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Infrastructure, Representation, and Historiography in Arpanet Maps

The Arpanet is the electronic network that became what we know now as the Internet. The earliest and most widespread representation of this early network were graphs or maps that, arguably, remain its most prominent visual artifact. In three articles co-authored by myself and Bradley Fidler, we analyze 20 years of these maps, asking how they were created, what they represented, and how histories of the network parallel their emphases and omissions. We analyze the maps to highlight what is missing from them, including directions and rates of communication flows, gateways to other young networks in the US and the UK at the same time, and hierarchies of power between nodes.

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[Geographic and Logical Maps of the Arpanet, 1980 and 1971]

In our analysis, we draw from scholars of digital humanities and feminist geography. We discuss how graphic representations such as maps are composed of what Digital humanist Johanna Drucker calls “capta,” or organized and parameterized constructions in graphical expression (Drucker avoids using the term “data,” shrouded as it is in the common misperception that data are equivalent to phenomena in the world). That is, graphic visualizations are always based on the selection of measurement criterion, data, and visual metaphors – on actions that involve interpretation. We therefore set out to examine maps not as passive records capturing a priori data about the world, but as constructions reflecting the choices of their designers and the conventions of their time.

Feminist geographer Sara McLafferty likewise argues that geographic maps present a detached, god’s-eye-view, representing the efforts of individuals or groups as dots and complex activity patterns as linear pathways. The design of a map cannot capture the variegated spatial experience of everyday network activity. The ARPANET maps deploy a distributed, topological network graph form, an analytic design deriving in part from 18th and 19th graph theory developed in the fields of mathematics, electricity and chemistry. The design is one that likewise privileges a geometric, spatial perspective over relational or causal dimensions, often hiding the complex agencies and directional flows involved in technological projects. Digital humanist Phillip Gochenour also points out the potential of network graph models to reify political and economic structures in a way that makes conflict, difference or malfunction invisible: only connection and smooth technical or social functioning can be represented in the graph; any broken or odd parts are often left out.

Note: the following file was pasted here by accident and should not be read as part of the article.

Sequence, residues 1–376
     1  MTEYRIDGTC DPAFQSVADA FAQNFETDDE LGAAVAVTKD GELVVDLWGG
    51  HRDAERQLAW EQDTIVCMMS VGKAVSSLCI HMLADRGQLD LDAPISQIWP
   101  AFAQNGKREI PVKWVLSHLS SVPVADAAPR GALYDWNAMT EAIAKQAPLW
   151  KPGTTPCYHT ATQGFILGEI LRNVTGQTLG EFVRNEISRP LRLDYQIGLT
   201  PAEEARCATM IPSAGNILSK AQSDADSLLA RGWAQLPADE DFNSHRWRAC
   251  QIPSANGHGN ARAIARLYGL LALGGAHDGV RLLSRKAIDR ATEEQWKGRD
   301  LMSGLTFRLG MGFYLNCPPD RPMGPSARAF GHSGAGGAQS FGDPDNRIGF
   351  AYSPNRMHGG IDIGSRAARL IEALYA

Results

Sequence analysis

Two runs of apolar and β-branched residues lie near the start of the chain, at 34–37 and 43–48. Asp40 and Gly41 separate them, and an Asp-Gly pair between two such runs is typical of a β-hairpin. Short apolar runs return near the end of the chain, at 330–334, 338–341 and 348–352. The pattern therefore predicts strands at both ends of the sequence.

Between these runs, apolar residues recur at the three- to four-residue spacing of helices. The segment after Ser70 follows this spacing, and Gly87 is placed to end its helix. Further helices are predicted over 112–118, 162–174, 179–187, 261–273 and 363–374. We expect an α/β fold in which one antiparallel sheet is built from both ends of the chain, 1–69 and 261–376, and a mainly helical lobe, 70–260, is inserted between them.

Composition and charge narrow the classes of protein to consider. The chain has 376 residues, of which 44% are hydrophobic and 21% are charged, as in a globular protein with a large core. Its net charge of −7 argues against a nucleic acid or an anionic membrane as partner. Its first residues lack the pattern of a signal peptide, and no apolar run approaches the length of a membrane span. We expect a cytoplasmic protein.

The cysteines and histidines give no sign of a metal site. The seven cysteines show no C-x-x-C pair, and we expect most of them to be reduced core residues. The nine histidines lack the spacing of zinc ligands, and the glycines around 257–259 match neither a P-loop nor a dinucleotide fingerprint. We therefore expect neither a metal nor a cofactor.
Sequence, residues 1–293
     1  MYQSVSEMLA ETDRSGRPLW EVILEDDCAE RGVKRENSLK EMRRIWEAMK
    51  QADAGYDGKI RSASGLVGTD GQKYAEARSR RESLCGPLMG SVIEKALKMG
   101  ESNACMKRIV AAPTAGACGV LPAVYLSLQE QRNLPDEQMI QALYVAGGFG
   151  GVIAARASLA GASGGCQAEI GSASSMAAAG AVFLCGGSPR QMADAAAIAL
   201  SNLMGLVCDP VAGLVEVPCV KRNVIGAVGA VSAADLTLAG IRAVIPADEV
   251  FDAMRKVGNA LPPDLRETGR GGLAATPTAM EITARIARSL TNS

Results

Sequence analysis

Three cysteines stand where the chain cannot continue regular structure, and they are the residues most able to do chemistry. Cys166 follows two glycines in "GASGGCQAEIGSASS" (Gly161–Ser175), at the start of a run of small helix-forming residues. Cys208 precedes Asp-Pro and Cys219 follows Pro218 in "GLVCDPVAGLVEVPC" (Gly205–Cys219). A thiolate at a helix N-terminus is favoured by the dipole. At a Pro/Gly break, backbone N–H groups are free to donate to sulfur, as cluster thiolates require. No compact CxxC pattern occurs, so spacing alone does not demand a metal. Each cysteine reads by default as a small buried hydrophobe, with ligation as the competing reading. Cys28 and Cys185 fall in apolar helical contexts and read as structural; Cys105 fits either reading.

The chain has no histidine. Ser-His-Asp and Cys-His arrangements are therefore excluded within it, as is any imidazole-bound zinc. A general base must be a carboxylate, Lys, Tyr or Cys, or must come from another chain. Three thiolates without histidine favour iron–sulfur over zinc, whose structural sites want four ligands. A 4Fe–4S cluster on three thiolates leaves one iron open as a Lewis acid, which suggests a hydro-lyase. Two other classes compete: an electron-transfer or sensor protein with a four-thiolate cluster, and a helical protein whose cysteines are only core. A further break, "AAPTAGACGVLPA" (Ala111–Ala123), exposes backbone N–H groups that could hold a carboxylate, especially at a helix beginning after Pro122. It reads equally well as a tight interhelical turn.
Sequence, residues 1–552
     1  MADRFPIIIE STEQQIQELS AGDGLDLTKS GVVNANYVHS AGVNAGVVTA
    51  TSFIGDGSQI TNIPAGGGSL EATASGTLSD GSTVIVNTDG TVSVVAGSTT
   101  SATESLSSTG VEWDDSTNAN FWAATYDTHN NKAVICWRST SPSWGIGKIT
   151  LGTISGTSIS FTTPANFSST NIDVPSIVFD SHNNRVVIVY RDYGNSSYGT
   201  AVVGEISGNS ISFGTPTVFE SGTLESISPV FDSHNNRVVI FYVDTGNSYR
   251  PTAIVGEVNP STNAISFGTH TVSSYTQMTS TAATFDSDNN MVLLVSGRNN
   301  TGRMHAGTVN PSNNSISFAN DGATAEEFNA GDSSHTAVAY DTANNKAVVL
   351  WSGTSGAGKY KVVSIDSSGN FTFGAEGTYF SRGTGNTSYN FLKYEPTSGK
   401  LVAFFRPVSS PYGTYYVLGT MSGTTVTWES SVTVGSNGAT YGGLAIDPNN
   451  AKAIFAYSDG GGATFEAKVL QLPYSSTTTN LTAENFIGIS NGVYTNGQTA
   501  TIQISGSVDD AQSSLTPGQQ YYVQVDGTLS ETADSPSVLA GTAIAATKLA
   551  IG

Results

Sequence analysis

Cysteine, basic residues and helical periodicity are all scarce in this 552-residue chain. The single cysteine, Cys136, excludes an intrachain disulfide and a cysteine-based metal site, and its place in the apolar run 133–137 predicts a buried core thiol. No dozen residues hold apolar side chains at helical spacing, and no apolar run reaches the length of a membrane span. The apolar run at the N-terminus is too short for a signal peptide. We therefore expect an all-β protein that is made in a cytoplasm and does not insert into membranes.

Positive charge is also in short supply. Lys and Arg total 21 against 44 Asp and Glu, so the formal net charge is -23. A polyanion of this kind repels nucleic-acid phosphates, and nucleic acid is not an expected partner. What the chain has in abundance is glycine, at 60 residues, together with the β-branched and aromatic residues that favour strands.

Drucker, Johanna. (2016). “Humanities Approaches to Graphical Display.” 5.1 (2011): n. pag. Digital Humanities Quarterly. Web. 25 Oct.

Fidler, B., and Currie, M. (2016). “Infrastructure, Representation, and Historiography in Bolt Beranek and Newman’s Arpanet Maps.” IEEE Annals of the History of Computing 38, no. 3 (July 2016): 44–57. doi:10.1109/MAHC.2015.69.

Fidler, B., and Currie, C. (2015). “The Production and Interpretation of Arpanet Maps,” IEEE Annals of the History of Computing, 37(1), 44-55.

Fidler, B., and Currie, M. (2015). “Gateways: Historical Underpinnings of a Single Internet,” iConference 2015 Proceedings.

Gochenour, Philip. (2011). “Nodalism,” Digital Humanities Quarterly 5.3.

McLafferty, Sarah. “Women and GIS: Geospatial Technologies and Feminist Geographies”, Cartographica, volume 40, Issue 4: 37-45.


Morgan Currie and Bradley Fidler, with support from the Kleinrock Center for Internet Studies.